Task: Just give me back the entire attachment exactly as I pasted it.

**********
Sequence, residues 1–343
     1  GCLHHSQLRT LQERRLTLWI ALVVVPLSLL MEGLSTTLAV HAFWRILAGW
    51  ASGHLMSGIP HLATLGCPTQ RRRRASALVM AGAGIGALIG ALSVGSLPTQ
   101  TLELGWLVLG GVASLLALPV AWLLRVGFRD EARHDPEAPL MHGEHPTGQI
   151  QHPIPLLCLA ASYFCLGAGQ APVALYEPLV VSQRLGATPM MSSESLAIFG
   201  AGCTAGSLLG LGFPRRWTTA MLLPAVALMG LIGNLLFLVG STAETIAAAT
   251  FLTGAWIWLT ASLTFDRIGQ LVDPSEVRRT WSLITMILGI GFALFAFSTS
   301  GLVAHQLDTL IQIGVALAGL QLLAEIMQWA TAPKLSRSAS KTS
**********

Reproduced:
Sequence, residues 1–343
     1  GCLHHSQLRT LQERRLTLWI ALVVVPLSLL MEGLSTTLAV HAFWRILAGW
    51  ASGHLMSGIP HLATLGCPTQ RRRRASALVM AGAGIGALIG ALSVGSLPTQ
   101  TLELGWLVLG GVASLLALPV AWLLRVGFRD EARHDPEAPL MHGEHPTGQI
   151  QHPIPLLCLA ASYFCLGAGQ APVALYEPLV VSQRLGATPM MSSESLAIFG
   201  AGCTAGSLLG LGFPRRWTTA MLLPAVALMG LIGNLLFLVG STAETIAAAT
   251  FLTGAWIWLT ASLTFDRIGQ LVDPSEVRRT WSLITMILGI GFALFAFSTS
   301  GLVAHQLDTL IQIGVALAGL QLLAEIMQWA TAPKLSRSAS KTS